EcoFlow is a multinational company with offices in San Francisco, CA, and Shenzhen, China.
No, EcoFlow is a U.S.-Chinese company developed by engineers who formerly worked for a Chinese DJI drone company. It is based in San Francisco, CA and Shenzhen, China.
In spite of my initial enthusiasm, I can’t recommend the EcoFlow Delta 1300. Yes, it gets charged 80% in 1 hour, but it falls short in all other areas.
As someone who has used battery-powered generators on and off-grid, I prefer the Jackery Explorer 1000 more. It gives me better battery life, runs quietly, and allows me to carry more stuff along.
It feels at home both during emergencies and on camping trips, where I often use it flawlessly with solar panels.
Thanks to the efficient inverter, the Jackery 1000 gives me better autonomy when fully charged. At one time, it easily kept my gear powered over a 4-day camping trip, with only one solar recharge session.
It’s also a whole 10 lbs lighter than the EcoFlow Delta, and less expensive too.
At the first glance, EcoFlow’s solar generator might seem like a good offer but upon careful consideration, your money is better off invested in the Jackery Explorer 1000.
THE JACKERY EXPLORER 1000
I’m following this with interest. We in South Africa have a unique situation of blackouts a few hours every day, 365 days a year due to problems with the National electrical grid. We call this ‘load shedding’ (Google it, as I’m not going to go into the madness of why it is happening).
So, we find ourselves in a unique situation to test these products, as we literally need fast-charging, battery-powered generators every day. We live in a flat, and cannot afford to install an inverter at present – ridiculously expensive at the moment. @George, proving the point that people do find themselves in situations when they need to use Ecoflows or other ‘portable power stations’ 365 days a year.
I really appreciate this review, as I bought my Ecoflow River Pro 720 on the 1st of February, and it has depreciated in power with frequent use (it’s now 28 April). It’s only been three months, and I’ve lost an hour’s worth of power. Load shedding is done in stages, so Stage 1 is electricity off for 2 hrs of the day. Stage 6, however, is a nightmare, with electricity going off for 4 hrs at a time, sometimes 2 times a day (see stages here, each number corresponds with an area and how often it gets switched off in Cape Town: https://www.capetown.gov.za/Loadshedding1/loadshedding/maps/Load_Shedding_All_Areas_Schedule_and_Map.pdf).
So, I really needed my River Pro to do what it says on the box. I needed a system that would power a few items during those four hour stretches, and that I could then quickly recharge in the 2hrs before the next ‘load shedding’ cycle. At 100W/h, I thought my River Pro would easily cover the 4 hrs, and initially it did, with about +20% of battery life left. Three months later, and it can only power my devices for 3 hrs, with 20% battery life left.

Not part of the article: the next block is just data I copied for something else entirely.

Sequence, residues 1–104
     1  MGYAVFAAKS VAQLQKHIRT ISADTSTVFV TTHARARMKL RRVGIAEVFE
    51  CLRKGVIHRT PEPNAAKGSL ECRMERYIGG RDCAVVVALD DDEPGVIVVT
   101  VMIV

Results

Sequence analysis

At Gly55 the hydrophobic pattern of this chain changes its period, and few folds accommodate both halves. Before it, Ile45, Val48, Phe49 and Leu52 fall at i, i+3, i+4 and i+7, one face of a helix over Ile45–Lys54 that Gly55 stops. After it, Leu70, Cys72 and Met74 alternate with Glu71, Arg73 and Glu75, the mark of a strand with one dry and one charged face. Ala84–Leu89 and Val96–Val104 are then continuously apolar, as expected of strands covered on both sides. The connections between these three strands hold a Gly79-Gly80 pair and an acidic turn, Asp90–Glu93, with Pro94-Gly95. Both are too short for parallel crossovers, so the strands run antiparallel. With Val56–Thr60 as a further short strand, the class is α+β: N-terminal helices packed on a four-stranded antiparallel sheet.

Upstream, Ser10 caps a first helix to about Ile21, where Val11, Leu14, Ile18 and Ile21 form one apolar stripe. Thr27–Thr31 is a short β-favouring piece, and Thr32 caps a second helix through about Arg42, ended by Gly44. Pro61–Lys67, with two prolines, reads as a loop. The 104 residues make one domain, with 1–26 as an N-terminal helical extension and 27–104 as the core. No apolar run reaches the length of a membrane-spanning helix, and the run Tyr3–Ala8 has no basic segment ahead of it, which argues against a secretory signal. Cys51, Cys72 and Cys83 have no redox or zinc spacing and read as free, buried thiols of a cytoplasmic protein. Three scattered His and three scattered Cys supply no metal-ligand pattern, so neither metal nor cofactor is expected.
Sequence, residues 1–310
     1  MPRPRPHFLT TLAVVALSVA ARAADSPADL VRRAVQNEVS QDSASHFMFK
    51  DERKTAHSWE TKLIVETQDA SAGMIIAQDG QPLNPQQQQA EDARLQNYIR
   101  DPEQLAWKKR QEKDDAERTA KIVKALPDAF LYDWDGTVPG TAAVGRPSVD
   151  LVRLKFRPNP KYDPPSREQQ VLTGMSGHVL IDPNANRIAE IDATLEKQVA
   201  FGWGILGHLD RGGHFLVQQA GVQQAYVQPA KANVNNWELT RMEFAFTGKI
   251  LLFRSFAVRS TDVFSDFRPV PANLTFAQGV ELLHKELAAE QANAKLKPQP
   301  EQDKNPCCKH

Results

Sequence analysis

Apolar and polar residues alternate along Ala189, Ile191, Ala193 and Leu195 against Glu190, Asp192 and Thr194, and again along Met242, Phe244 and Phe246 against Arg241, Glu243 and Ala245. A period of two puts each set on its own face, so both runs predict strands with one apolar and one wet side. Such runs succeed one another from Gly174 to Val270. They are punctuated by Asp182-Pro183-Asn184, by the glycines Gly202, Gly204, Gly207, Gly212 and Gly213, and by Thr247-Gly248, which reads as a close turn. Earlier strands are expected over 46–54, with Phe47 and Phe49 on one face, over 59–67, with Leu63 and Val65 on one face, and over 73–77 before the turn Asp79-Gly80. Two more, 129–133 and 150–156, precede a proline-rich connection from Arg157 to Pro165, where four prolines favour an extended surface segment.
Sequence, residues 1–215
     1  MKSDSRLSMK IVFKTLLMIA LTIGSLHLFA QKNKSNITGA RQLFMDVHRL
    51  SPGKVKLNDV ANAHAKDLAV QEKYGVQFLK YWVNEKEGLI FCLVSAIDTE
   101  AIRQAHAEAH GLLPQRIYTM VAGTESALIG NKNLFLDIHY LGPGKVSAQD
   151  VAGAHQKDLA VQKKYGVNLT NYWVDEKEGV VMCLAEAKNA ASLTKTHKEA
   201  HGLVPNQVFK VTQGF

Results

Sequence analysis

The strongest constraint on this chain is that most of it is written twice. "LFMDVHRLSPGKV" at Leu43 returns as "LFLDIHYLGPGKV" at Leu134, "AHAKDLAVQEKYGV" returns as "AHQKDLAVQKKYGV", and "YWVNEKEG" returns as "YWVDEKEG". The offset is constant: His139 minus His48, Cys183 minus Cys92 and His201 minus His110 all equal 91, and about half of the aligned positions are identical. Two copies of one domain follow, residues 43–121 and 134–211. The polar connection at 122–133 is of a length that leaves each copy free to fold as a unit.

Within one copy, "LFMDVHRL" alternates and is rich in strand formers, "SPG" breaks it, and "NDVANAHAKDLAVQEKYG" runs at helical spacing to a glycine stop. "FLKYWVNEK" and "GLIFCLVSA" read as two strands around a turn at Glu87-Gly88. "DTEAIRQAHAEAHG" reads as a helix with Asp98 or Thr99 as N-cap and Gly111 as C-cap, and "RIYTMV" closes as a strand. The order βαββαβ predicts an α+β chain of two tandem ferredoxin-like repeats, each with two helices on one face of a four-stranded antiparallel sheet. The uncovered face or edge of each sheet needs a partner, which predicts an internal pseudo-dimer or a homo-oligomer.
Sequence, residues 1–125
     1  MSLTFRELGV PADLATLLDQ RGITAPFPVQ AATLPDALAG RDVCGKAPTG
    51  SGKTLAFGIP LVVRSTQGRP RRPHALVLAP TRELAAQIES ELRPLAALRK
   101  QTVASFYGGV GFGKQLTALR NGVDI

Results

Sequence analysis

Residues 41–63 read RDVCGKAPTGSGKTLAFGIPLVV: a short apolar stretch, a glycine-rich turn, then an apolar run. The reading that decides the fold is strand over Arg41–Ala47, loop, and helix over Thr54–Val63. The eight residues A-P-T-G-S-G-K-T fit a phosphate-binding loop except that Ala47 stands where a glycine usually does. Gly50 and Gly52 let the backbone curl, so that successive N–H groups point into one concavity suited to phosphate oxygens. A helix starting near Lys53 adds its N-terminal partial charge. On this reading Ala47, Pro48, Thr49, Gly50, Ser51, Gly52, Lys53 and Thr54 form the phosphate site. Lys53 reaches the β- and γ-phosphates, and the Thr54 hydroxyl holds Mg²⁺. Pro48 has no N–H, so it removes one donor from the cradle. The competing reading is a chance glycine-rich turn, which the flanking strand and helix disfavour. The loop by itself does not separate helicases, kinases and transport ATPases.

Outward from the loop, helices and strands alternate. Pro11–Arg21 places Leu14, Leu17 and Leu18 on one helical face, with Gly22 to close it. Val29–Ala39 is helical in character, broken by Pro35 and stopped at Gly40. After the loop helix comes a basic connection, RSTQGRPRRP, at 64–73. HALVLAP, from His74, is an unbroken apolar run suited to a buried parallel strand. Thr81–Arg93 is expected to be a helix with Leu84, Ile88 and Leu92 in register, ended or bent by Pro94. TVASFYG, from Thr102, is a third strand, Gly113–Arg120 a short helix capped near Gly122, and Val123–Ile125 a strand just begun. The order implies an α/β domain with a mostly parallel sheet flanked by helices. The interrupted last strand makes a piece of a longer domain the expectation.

If the product should not be frequently used, the company really should say so! I really didn’t get that impression. I would have bought something else, even if it takes longer to charge. It has only ever been fully discharged once, and the rest of the time I take care to ensure it doesn’t drop below 20%. Then recharge and put aside, without leaving it plugged in. I have been keeping a detailed record of everyday use and the drop in performance, and it’s worse than you think Nikola. An acquaintance of mine has stopped using his altogether, with only an hour’s worth of power left after less than a full year’s use.
So thank you for this review, as I bought mine on Takealot.com, and everywhere everyone is raving about it, but only after reviewing it after a few days or a month. Please advise further on what one can use every day – I’m not even that convinced about Jackery being able to cope with our ‘load shedding’, and cannot test every single product to find the right one. Besides, it can’t be good for the environment for people to have to keep discarding portable generators that don’t last. Please advise on whether the Bluetti LifePO4 1000W would be able to cope with 4hrs of use, recharge and re-use every day (Jackery 1000 is not available to us at the moment, Bluetti boasts 2500+ cycles).
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Did some measurements on my Delta Max 2016Wh unit and one thing to be aware of. If you leave it unloaded with the AC output still switched on (nothing plugged in to it, no load). It “leaks” around 50W/hr. Assuming this “leakage” (Actually it’s the batteries powering the internal electronics in the unit) is constant with load, (and maybe the manufacturer may wish to comment on this) as a percentage of 2016kW (full load) that’s just 2.5% of your power lost. Great you say! BUT Lets say you (like me) tried to use it to power a file server 24/7 taking just 70Wh that’s a massive 70% of your stored power gone.